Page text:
Now a major motion picture: Love, Simon, starring Nick Robinson and Katherine Langford
William C. Morris Award Winner: Best Young Adult Debut of the Year * National Book Award Longlist
"A remarkable gift of a novel."--Andrew Smith, author of Grasshopper Jungle
"I am so in love with this book."--Nina LaCour, author of Hold Still
"Feels timelessly, effortlessly now."--Tim Federle, author of Better Nate Than Ever
"The best kind of love story."--Alex Sanchez, Lambda Award-winning author of Rainbow Boys and Boyfriends with Girlfriends
Sixteen-year-old and not-so-openly gay Simon Spier prefers to save his drama for the school musical. But when an email falls into the wrong hands, his secret is at risk of being thrust into the spotlight. Now change-averse Simon has to find a way to step out of his comfort zone before he's pushed out--without alienating his friends, compromising himself, or fumbling a shot at happiness with the most confusing, adorable guy he's never met.
Incredibly funny and poignant, this twenty-first-century coming-of-age, coming out story--wrapped in a geek romance--is a knockout of a debut novel by Becky Albertalli.
Plus don't miss Yes No Maybe So, Becky Albertalli's and Aisha Saeed's heartwarming and hilarious new novel, coming in 2020
- ISBN-13: 9780062348678
- ISBN-10: 0062348671
- Publisher: Balzer & Bray/Harperteen
- Publish Date: April 2015
- Dimensions: 8.3 x 5.5 x 1.2 inches
- Shipping Weight: 0.9 pounds
- Page Count: 320
- Reading Level: Ages 14-UP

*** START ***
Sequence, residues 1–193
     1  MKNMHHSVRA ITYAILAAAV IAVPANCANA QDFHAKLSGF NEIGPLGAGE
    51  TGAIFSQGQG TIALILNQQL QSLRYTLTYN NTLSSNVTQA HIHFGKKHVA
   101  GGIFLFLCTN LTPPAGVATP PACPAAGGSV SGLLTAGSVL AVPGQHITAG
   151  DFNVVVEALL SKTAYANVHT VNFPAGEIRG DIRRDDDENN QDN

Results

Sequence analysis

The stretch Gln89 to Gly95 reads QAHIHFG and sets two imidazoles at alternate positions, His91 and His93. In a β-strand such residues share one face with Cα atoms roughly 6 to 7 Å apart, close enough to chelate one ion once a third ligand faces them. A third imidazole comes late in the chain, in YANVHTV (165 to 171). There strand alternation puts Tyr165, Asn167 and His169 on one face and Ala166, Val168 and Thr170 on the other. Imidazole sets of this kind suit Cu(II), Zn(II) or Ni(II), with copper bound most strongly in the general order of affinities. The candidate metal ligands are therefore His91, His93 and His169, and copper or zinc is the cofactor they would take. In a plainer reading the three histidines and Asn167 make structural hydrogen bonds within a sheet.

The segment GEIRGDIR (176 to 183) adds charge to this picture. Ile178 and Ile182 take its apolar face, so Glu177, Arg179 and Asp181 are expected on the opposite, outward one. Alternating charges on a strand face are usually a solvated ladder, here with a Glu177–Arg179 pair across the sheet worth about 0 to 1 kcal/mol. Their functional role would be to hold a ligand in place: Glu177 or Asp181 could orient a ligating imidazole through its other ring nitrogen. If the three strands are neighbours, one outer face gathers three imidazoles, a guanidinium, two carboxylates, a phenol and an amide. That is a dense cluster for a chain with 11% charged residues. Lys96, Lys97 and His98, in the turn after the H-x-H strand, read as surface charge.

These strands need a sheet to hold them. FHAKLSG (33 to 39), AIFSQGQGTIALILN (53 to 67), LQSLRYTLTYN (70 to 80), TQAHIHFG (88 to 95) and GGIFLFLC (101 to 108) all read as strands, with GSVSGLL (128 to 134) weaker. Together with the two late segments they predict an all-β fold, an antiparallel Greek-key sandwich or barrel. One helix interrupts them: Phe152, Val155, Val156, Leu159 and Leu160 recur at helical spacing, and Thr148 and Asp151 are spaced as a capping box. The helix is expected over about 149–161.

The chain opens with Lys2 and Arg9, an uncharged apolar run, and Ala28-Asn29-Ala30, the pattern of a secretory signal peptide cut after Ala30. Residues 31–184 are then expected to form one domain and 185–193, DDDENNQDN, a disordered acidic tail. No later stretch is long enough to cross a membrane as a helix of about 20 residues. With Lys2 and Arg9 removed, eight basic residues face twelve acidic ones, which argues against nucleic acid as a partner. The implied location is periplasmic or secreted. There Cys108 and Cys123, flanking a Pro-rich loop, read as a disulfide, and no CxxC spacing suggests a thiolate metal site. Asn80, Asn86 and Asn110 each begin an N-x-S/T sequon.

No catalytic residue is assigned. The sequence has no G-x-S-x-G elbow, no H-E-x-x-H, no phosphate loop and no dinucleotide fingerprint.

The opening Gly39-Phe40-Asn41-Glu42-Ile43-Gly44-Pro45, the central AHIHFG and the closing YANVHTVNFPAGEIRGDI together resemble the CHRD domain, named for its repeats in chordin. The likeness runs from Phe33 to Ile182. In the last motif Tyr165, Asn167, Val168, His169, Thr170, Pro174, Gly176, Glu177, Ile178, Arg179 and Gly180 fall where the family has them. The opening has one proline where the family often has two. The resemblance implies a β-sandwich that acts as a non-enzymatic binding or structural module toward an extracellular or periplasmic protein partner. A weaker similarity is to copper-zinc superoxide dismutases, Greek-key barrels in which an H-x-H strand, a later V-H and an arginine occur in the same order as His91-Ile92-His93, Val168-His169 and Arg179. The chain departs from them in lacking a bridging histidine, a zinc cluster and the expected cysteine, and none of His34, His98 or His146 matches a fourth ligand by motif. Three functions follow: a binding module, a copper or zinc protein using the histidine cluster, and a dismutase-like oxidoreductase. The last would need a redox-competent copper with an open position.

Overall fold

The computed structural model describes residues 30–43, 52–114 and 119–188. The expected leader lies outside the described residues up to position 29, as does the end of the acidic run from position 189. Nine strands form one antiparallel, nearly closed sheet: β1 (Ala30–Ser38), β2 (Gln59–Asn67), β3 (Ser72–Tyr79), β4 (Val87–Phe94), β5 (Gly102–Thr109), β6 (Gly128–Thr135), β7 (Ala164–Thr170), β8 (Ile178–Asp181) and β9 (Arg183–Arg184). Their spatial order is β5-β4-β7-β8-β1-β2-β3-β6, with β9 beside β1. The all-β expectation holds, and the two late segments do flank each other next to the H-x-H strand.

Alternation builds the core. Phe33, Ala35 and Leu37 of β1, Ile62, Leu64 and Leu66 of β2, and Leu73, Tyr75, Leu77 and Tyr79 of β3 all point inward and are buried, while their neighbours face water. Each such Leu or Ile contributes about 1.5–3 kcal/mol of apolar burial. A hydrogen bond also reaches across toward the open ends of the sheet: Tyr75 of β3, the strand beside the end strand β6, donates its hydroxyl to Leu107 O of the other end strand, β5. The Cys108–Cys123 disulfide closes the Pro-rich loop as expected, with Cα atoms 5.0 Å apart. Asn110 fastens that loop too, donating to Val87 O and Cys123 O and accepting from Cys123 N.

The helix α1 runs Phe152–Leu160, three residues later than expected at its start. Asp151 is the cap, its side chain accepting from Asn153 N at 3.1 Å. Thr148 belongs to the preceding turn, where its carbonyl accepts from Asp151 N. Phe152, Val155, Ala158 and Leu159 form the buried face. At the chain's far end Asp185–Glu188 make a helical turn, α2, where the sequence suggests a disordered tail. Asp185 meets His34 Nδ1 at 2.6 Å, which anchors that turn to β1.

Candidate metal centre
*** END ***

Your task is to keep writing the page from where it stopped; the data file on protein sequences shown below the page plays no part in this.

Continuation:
A teen's fight for identity
Note to self: Don’t forget to log out of your personal email on a public computer. That’s the lesson 16-year-old Simon Spier learns the hard way after a high school classmate reads his emails to his secret, anonymous boyfriend, Blue. Simon hasn’t come out to his friends or family, and now he feels pressured to keep this fact, as well as the identity of Blue, a secret.
Moments of teen life, drama and angst are well drawn by debut novelist Becky Albertalli, a clinical psychologist who previously worked with gender-nonconforming children. Her insights are spot on, from the dialogue to the raw emotions Simon and Blue experience. As the book alternates between daily life and the emails between Simon and Blue, readers are immediately and magnetically pulled into this story of coming out, being true to oneself and challenging the societal status quo, or the “homo sapiens agenda,” as Simon refers to it.
Topical relevance aside, this book stands in the YA canon as an outstanding book about teens coming of age, where several of the characters just happen to be gay.